BASIC is a widespread programming language commonly adapted to desktop computers and pocket computers. The most common languages now used in high range calculators are proprietary BASIC-style dialects as used by Casio (Casio BASIC or BasicLike) and TI (TI-BASIC). These BASIC dialects are optimised for calculator use, combining the advantages of BASIC and keystroke programming. They have little in common with mainstream BASIC. The version for the Ti-89 and subsequent is more fully featured, including the full set of string and character manipulation functions and statements in standard Basic.
A complete port of BBC Basic to the TI-83 subfamily of calculators is now available. It is installed via a cable or IrDA connection with a computer.
Main article: RPL (programming language)
RPL is a special Forth-like programming language used by Hewlett- Packard in its high range devices. The first device with RPL calculator was the HP-28C released in 1987.
The language PPL was introduced with the HP Prime calculator and is much like Pascal.
Main article: Assembly language
An assembler integrated into the TI 89 and related calculators were announced and released in 2014.
Machine language programming was often discouraged on early calculator models; however, dedicated platform hackers discovered ways to bypass the built-in interpreters on some models and program the calculator directly in assembly language, a technique that was first discovered and utilized on the TI-85 due to a programming flaw in a mode-switching key. By the time the TI-83 came out, TI and HP had realized the need to address the support needs of homebrew programmers, and started to make assembly language libraries and documentation available for prospective developers. Software, particularly games, could now be nearly as fast and as graphical as their Game Boy counterparts, and TI, in particular, would later formalize assembly programming into support for packaged applications for future calculators such as the TI-83 Plus and TI-89; HP includes some onboard support for assembler programming on the HP-50g, its current top-of-the-line calculator model.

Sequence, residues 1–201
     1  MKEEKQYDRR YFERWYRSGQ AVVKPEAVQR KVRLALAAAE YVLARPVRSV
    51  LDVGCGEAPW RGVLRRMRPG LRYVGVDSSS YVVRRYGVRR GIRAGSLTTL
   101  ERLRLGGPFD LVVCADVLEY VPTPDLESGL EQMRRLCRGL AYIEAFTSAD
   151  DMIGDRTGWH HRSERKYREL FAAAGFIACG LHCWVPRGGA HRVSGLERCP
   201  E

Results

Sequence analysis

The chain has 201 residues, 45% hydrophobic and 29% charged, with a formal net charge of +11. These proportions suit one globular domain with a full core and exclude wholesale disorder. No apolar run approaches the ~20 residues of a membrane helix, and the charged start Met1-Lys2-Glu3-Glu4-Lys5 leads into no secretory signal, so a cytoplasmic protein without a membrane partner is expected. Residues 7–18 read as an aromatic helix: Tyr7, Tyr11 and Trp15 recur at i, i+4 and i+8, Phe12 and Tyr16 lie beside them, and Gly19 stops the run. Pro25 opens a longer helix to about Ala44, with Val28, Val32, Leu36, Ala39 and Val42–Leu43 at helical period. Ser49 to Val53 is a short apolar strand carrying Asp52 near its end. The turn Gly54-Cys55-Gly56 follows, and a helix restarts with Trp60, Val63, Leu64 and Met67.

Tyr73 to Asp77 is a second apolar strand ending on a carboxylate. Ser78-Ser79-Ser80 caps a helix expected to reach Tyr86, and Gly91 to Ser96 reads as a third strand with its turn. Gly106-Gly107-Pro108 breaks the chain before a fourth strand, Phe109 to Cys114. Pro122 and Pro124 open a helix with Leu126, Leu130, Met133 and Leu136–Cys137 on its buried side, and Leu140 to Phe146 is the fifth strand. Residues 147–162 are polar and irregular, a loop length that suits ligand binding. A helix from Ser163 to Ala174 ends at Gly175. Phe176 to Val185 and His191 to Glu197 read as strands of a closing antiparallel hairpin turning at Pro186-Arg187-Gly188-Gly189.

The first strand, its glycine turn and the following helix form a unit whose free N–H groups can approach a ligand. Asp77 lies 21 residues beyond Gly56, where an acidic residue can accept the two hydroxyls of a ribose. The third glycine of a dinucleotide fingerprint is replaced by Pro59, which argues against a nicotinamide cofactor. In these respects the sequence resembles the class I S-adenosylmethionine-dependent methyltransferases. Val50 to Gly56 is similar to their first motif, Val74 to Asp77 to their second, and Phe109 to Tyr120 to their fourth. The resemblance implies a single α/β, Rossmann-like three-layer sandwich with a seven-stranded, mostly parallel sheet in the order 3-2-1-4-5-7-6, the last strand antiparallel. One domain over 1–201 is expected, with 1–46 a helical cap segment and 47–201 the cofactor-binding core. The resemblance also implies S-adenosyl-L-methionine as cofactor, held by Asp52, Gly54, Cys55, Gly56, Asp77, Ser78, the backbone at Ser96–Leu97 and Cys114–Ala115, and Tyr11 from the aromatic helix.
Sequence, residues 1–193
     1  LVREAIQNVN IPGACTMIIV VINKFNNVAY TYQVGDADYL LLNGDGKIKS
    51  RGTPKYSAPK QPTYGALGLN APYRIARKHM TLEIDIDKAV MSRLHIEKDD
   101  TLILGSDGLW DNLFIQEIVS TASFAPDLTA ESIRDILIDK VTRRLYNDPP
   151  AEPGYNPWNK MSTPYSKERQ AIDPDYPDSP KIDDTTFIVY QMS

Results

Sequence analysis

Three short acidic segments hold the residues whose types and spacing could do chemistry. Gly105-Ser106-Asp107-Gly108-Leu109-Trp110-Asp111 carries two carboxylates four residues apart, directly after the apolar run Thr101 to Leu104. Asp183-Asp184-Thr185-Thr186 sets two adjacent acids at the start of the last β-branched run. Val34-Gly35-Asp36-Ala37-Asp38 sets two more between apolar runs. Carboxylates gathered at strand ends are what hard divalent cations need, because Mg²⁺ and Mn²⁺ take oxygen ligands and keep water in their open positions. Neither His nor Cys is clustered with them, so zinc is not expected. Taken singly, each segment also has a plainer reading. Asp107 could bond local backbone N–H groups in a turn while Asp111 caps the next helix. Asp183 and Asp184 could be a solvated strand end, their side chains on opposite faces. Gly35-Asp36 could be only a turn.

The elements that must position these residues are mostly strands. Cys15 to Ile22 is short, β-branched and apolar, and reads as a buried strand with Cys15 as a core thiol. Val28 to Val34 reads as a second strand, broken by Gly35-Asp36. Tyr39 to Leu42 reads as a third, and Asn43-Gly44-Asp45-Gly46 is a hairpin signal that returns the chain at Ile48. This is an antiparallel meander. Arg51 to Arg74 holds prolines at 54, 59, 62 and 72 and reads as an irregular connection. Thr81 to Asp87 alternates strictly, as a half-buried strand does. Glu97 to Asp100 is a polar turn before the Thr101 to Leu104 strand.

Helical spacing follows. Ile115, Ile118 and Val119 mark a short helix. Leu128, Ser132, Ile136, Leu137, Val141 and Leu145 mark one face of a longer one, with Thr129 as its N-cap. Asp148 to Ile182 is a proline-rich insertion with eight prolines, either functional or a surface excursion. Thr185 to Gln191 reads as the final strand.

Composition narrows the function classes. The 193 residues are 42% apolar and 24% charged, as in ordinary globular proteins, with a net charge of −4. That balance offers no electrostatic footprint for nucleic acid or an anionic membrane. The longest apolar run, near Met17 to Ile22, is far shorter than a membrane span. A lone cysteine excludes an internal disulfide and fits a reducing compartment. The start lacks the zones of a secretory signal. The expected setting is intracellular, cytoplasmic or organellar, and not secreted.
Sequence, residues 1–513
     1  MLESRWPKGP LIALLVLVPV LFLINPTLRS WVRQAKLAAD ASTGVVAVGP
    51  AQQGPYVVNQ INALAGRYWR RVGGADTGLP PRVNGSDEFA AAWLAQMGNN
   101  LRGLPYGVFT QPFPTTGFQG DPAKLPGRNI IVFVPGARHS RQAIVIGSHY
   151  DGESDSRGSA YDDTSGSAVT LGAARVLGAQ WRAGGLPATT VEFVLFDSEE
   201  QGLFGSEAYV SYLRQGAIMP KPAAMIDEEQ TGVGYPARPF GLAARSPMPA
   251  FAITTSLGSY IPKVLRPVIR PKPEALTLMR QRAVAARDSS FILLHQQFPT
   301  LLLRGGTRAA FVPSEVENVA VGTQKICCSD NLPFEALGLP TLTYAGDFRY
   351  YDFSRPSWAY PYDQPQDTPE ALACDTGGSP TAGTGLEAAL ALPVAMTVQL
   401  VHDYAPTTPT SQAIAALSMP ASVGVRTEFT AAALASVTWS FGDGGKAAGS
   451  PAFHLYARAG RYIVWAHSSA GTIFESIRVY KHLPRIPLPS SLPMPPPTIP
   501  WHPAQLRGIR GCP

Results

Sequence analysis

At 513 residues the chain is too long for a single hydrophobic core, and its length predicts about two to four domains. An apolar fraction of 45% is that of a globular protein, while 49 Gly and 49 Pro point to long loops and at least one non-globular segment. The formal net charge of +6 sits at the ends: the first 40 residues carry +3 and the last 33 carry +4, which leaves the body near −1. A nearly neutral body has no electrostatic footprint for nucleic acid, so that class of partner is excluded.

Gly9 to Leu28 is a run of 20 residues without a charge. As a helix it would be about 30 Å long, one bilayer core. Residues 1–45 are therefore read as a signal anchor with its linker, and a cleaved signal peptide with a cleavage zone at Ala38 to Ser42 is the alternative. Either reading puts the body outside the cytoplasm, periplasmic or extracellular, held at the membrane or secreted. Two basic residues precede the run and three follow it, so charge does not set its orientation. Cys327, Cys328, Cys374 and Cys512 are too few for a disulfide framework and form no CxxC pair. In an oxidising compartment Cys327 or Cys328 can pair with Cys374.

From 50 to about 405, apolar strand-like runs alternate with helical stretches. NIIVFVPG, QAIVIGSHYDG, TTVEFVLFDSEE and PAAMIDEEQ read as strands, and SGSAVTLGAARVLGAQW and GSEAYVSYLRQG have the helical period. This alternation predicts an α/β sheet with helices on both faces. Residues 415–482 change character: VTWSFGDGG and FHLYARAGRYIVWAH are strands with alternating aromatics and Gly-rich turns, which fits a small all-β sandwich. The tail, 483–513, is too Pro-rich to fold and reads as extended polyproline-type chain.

Programs and toolkits to allow on-board assembly-like programming (often Intel 80x86 even if the actual processor in the calculator is something completely different like a Zilog or Motorola chip) are in the beta stage in at least two implementations—the native Basic variant can be enhanced by user-defined functions and procedures as well as assembly and C modules developed on a computer and uploaded to the calculator which allow for writing and running "pseudo assembly" programs just as one would the Basic type ones. Other languages like Rexx, awk, Perl, and some Unix shells can also be implemented in this fashion on many calculators of this type.
The GCC development suite is available for several models of Casio, HP, and TI calculators, meaning that C, C++, Fortran 77, and inline assembly language can be used to develop a program on the computer side and then upload it to the calculator.
Projects in development by third parties include on-board and/or computer-side converters, interpreters, code generators, macro assemblers, or compilers for Fortran, other Basic variants, awk, C, Cobol, Rexx, Perl, Python, Tcl, Pascal, Delphi, and operating system shells like DOS/Win95 batch, OS/2 batch, WinNT/2000 shell, Unix shells, and DCL.